Q: I’m trying to figure out my condom size and I keep seeing the phrase, “nominal width,” all over everything. What exactly does that mean?
Here at Condom Depot, we don’t really use the phrase nominal width much when talking about condoms. And this is exactly why. Although it is a term that is standard in our line of work, it’s not one that our customers know off-hand. If we do use it in any of our articles, we define it.
When you hear the word nominal, you think, “small.” So, it would reasonable make sense that nominal width is the smallest width of a condom, right? Well, that’s not always the case. Nominal width is the measurement of the condom at the base or ring, when it is laid flat. The base isn’t always the smallest part, but a lot of times it is (like the Trojan Ecstasy condoms), so that’s probably where it gets its name. Still, because of the elasticity of the band, the base is the part that often feels the tightest for many.
Penises tend to be thicker close to the base than the head, so knowing if a condom is going to fit you at your thickest girth is very important. The majority of discomfort we hear listed from wearing a condom comes from wearing one that is too tight in the elastic band. If the nominal width is too small, it’s going to be uncomfortable. If it’s too big, the condom is going to fall off a heck of a lot easier. It’s difficult to reconcile a part of the condom that is often the tightest being put on the of the penis that is often the thickest.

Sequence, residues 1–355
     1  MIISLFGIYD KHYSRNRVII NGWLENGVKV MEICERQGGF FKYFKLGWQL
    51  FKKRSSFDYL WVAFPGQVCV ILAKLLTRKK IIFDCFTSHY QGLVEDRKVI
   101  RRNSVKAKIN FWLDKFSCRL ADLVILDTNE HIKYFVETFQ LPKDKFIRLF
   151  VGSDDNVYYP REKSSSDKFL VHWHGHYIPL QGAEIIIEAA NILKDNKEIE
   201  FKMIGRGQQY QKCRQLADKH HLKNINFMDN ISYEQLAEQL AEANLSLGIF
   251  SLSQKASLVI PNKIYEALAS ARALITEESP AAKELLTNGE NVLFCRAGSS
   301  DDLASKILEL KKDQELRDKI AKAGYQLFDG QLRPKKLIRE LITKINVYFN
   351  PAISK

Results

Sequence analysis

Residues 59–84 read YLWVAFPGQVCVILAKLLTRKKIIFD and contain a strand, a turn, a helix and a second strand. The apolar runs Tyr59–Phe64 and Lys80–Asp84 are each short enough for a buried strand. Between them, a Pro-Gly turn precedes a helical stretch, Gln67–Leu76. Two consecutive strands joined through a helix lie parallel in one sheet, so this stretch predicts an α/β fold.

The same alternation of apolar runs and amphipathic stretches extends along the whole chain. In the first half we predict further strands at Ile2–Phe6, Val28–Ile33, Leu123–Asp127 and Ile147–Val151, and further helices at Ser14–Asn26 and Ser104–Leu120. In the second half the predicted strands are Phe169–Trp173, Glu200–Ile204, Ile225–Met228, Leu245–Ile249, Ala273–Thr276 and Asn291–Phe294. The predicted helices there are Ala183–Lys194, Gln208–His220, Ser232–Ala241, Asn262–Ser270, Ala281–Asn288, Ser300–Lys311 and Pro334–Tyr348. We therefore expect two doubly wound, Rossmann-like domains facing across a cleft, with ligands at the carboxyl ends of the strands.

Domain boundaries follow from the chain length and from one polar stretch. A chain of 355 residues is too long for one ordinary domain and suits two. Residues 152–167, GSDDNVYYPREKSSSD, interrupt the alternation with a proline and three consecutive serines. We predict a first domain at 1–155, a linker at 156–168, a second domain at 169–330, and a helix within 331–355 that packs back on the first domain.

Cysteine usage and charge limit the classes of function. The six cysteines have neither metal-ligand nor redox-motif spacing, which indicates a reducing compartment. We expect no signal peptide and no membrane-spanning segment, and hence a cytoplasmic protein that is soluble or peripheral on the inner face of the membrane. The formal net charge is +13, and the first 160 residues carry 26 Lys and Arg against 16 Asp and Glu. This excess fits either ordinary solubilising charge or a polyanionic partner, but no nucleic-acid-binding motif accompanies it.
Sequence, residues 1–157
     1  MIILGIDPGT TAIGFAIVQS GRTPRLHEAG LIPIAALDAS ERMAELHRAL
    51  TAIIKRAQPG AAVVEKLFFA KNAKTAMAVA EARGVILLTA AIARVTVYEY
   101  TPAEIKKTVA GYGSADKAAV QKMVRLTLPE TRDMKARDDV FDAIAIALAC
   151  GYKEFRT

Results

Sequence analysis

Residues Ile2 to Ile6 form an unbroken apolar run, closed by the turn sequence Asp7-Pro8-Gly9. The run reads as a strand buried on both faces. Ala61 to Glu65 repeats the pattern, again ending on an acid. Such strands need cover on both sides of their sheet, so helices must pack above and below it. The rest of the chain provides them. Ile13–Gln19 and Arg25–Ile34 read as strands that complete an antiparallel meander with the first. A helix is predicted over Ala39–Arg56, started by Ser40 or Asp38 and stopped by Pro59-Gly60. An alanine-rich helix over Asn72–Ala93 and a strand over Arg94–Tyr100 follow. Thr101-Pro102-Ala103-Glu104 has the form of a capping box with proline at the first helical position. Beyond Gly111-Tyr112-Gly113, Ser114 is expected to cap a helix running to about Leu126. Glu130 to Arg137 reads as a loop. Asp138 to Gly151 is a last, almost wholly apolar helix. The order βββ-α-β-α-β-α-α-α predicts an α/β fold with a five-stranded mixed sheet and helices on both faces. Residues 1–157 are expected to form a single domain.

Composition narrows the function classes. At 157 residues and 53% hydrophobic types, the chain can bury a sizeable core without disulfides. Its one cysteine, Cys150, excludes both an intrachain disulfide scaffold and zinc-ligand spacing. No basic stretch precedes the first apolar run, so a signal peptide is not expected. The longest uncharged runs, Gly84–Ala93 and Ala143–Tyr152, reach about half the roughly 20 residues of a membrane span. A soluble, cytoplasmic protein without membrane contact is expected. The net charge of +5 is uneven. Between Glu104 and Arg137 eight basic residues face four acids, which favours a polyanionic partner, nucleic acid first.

There’s a difference between measuring for nominal width and measuring for diameter. When you lie a condom flat, the width is going to be longer than if you’re measuring for diameter– because the diameter doesn’t lie flat. Instead of multiplying by pi, you should be multiplying by two.
Condom Depot’s Size Measurements
In Condom Depot’s measurements, we try to list the condom’s measurements at both the head and the base, instead of just using nominal width. This is because not only can these widths vary in condom size, but they can also vary based upon penises. We also tend to use the word width instead of nominal width. This is because we find that that language is more intuitive for those who aren’t in the condom business– which is the majority of you guys out there. If you just saw nominal width, you’d think we meant the smallest part of the condom only, unless you knew exactly what we were talking about.
Of course, there are many other factors that go into whether or not a condom is comfortable: the amount of lube and where it’s added (like Beyond Seven Aloe), whether there is a contoured head (like Trojan’s Her Pleasure Ecstasy), the material it’s made from (like with Trojan’s NaturaLambs), or a reservoir tip (like with Crown’s Skinless Skin), if it’s ribbed (like Lifestyles KYNG Ribbed), the thickness of the latex (like our Kimono MicroThins) or even if it’s flat our big enough (like our widest condoms, the Trojan Magnum XL). Chances are, if you find condoms to be uncomfortable, it could be because the nominal width doesn’t fit, or it could be any number of reasons. The best way to find your perfect condom? Try a sampler pack.